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Reforms spell changes for workers comp


WASHINGTON—Provisions in the health care reform bill President Barack Obama signed last week will affect workers compensation claims costs, directly and indirectly, observers said.

Sections of the measure related to benefits for black lung disease and new fees for medical manufacturers will drive up comp costs, they say.

But the law's potential to increase or offset workers comp costs in general won't be clear until loss data emerges and more is learned about possible shifts in injured worker behavior as millions more U.S. residents gain non-occupational health coverage, sources added.

“There could be some positives and unintended (negative) consequences,” that won't be known until the law is implemented, said Rita Nowak, vp of commercial lines and workers comp for Des Plaines, Ill.-based Property Casualty Insurers Assn. of America. “The term "wait until the dust settles' is really appropriate. There are just so many things in flux right now.”

Provisions in the law include changes to the federal Black Lung Benefits Act, making it easier for coal miners and their survivors to tap workers comp benefits, and new fees imposed on pharmaceutical and medical device manufacturers that could get passed on to employers.

Section 1556 of the law President Obama signed last week repeals Black Lung Benefits Act reforms adopted in 1981, according to the PCIAA.

The federal act mandates benefit levels for coal miners. The 1981 reforms eliminated presumptions in the act that miner disabilities and deaths stemmed from pneumoconiosis, known as black lung.

Now the law creates a presumption that a mine worker with 15 years of service who contracted a lung disease contracted it on the job, said Thomas Morelli, president of the global marine and energy unit for Chartis Inc. in New York.

Observers expect it will be difficult for mine employers to argue that any lung ailment is caused by factors other than work, such as years of smoking.

The provision is particularly troublesome for insurers because it applies retroactively to claims filed after Jan. 1, 2005, said Roger Fries, president and CEO of Lexington, Ky.-based workers comp insurer Kentucky Employers' Mutual Insurance.

Insurers across Kentucky, Pennsylvania, Wyoming, West Virginia and southern Illinois did not price policies sold in the past few years to account for the reopening of coal-related claims, Mr. Fries said.

“You just can't open those and pretend they are not going to cost you money,” Mr. Fries said. KEMI estimates it will have to immediately move about $30 million out of surplus to reserve for new claims and the reopening of older claims, Mr. Fries said.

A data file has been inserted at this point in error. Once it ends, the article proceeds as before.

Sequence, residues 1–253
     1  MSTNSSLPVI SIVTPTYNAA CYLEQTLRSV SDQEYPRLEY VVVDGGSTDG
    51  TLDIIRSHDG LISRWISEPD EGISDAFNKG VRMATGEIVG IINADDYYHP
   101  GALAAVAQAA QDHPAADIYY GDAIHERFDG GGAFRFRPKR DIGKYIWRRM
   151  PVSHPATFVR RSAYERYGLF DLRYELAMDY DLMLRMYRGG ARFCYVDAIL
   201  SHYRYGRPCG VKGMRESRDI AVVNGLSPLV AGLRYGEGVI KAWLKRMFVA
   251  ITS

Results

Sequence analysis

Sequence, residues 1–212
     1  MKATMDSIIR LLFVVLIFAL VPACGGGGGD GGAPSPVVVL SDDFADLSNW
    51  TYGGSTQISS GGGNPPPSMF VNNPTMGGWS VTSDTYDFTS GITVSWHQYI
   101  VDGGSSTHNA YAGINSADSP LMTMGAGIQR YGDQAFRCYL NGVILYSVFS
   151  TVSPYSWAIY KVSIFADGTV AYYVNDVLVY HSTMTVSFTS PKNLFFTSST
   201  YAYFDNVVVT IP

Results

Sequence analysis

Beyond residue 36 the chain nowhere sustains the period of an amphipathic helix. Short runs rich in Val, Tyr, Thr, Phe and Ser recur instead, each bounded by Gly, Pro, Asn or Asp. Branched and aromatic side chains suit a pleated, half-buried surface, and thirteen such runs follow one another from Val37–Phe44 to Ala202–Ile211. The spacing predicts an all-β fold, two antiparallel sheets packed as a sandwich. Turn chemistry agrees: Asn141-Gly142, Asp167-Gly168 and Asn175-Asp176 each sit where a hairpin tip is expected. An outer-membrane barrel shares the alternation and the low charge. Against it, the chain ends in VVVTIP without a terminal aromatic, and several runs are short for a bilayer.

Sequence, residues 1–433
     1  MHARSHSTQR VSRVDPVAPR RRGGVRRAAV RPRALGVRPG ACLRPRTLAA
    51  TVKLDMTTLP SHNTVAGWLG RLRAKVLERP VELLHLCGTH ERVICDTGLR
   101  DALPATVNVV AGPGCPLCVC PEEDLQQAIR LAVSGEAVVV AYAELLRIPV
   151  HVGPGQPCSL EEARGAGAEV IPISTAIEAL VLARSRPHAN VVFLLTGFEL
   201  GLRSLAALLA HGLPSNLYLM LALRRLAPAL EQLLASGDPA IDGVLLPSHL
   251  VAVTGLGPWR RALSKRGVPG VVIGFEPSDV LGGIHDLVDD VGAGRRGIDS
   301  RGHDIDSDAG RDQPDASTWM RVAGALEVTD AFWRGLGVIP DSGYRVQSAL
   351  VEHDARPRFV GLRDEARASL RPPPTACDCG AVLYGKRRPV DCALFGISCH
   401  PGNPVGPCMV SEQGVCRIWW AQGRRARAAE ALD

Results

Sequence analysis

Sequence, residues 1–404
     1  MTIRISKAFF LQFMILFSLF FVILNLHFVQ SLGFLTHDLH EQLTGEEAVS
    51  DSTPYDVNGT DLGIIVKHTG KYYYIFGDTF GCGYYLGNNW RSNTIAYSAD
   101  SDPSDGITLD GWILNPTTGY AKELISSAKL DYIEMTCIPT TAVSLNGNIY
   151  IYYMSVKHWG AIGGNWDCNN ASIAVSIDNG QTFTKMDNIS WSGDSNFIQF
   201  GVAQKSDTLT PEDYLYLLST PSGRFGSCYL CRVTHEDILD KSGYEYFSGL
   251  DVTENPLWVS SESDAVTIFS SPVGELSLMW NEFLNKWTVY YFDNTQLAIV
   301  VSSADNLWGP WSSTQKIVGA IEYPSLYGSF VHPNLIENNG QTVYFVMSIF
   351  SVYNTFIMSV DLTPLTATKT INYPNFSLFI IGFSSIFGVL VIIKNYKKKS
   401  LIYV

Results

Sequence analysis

“For our company, that is a pretty big shock,” Mr. Fries added.

Cost estimates for expanding black lung benefits are extremely broad, ranging from several hundred million dollars to $1 billion, said Mr. Morelli of Chartis. “It's very difficult to put an aggregate number on what we think this is going to cost the industry because a lot is unknown about how it's going to play out over time.”

But more black lung claims likely will be filed and approved, Mr. Morelli said.

“You can (foresee) rate increases as a result,” added Mr. Morelli. Chartis is one of the nation's largest providers of workers comp insurance for coal mines.

The health reform law also calls for new taxes on pharmaceutical and medical device manufacturers that are likely to be pushed onto policyholders, said Eileen Auen, chairman and CEO of Tampa, Fla.-based PMSI Inc., a workers comp pharmacy benefit manager, medical products company and managed care provider.

“Ultimately, it will find its way to higher prices for policyholders,” Ms. Auen said.

Any increased pharmacy or medical device costs will likely be nominal in contrast to various indirect affects of the measure, such as a potential increases in workers comp medical care utilization, said Thomas W. Watson, CEO for Dublin, Ohio-based Avizent, a claims and risk management company.

It's difficult to predict to what degree medical utilization could shift between workers comp systems and non-occupational health plans, but workers comp claims frequency actually could rise, Mr. Watson said.

That could happen as workers, knowing that they have health coverage, utilize medical services more frequently and then try and collect comp indemnity payments for injuries unrelated to work. Prior to having medical coverage, the individuals would have been less likely to seek medical treatment unless they were convinced the medical fees would be covered by comp payments, Mr. Watson said.

But data on whether workers file more or fewer workers comp claims as they gain health coverage is lacking, according to ratings agencies and other sources.

Several other factors also could come into play, sources said.

Downward pressure on claims costs could occur, for example, as more people gain access to wellness programs, Mr. Watson added. Overall, healthier employees are likely to file fewer claims and when they do, they are likely to return to work sooner, he said.